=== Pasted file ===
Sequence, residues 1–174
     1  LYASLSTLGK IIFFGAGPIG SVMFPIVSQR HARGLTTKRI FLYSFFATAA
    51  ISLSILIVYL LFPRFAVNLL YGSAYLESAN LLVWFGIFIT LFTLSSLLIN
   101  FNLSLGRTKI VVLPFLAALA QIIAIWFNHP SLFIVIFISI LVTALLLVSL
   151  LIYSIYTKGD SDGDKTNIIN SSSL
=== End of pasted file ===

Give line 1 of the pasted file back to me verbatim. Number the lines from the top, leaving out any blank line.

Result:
Sequence, residues 1–174